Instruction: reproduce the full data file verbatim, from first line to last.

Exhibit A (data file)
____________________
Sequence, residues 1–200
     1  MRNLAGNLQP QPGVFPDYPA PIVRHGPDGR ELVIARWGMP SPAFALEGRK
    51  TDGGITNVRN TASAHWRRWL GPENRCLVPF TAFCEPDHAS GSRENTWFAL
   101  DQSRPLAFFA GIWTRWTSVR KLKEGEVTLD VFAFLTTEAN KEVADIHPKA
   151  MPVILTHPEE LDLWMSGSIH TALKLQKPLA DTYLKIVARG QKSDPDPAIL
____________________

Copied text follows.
Sequence, residues 1–200
     1  MRNLAGNLQP QPGVFPDYPA PIVRHGPDGR ELVIARWGMP SPAFALEGRK
    51  TDGGITNVRN TASAHWRRWL GPENRCLVPF TAFCEPDHAS GSRENTWFAL
   101  DQSRPLAFFA GIWTRWTSVR KLKEGEVTLD VFAFLTTEAN KEVADIHPKA
   151  MPVILTHPEE LDLWMSGSIH TALKLQKPLA DTYLKIVARG QKSDPDPAIL